If the proof is valid, then the submitted state is reverted and the rollup contract is taken back to a previous state. If no one challenges the summary, the rollup block is considered finalized and the submitted state is maintained.
In fact, these types of rollups are considered “optimistic” as they assume the submitted state is correct until proven otherwise.
ZK-rollups (also known as validity rollups), however, function by using zero-knowledge proofs to establish that a rollup contract is correct.
Zero-knowledge proofs basically allow a “verifier” and a “prover” to discern that a piece of information is true without revealing the specific information itself. This enables the rollup to verify the correctness of the off-chain transaction aggregation without revealing any sensitive information about the transactions in the batch.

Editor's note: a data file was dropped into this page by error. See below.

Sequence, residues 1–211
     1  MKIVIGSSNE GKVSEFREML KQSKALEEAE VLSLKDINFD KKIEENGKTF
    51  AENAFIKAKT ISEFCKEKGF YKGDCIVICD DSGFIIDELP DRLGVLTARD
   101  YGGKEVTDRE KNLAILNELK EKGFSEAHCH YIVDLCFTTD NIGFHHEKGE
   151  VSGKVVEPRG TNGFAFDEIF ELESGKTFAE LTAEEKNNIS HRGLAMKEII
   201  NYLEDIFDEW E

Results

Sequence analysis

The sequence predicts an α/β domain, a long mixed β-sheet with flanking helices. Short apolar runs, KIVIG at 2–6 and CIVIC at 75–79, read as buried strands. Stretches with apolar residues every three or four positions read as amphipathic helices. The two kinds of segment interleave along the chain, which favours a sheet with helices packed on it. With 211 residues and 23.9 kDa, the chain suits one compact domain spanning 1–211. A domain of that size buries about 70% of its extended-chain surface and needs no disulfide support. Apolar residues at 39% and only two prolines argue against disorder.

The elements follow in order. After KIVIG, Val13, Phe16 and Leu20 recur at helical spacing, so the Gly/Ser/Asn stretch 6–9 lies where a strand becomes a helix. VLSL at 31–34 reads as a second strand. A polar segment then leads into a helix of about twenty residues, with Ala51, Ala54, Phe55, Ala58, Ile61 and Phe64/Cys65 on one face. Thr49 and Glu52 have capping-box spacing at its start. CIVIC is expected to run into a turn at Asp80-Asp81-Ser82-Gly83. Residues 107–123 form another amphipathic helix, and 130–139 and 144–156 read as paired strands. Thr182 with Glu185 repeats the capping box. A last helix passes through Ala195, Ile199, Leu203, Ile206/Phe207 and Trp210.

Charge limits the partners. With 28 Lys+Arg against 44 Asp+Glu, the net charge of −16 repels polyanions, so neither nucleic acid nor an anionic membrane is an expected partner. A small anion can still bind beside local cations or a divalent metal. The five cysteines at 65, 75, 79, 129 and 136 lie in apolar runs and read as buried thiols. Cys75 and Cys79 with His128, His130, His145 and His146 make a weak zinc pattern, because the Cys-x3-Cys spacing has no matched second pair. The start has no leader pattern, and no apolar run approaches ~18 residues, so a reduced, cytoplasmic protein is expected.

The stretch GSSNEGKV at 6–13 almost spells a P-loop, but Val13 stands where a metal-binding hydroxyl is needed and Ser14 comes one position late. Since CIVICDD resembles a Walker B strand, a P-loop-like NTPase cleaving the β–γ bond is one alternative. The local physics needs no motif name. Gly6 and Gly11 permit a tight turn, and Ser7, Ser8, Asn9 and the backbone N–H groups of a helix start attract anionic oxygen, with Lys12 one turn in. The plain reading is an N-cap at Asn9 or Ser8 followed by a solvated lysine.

ZK-rollup operators, who are in charge of bundling the transactions together, will generate a proof of validity for every batch of off-chain transactions that they handle.
The validity proof is then submitted to the layer 1 blockchain to prove that the state update is, in fact, correct. So unlike optimistic rollups, there is no need for a dispute resolution mechanism.
More recently, other types of rollups have emerged. This includes sovereign rollups.
While ZK and optimistic rollups both use smart contracts to confirm the rollup execution, sovereign rollups don’t need smart contracts. Nor do they need a settlement layer, hence the name “sovereign.”
If you look at optimistic and ZK rollups, they tend to use L1s as both the data availability layer and consensus. Sovereign rollups, however, only use the layer 1 for data availability, ensuring that they have a more direct connection to the base layer.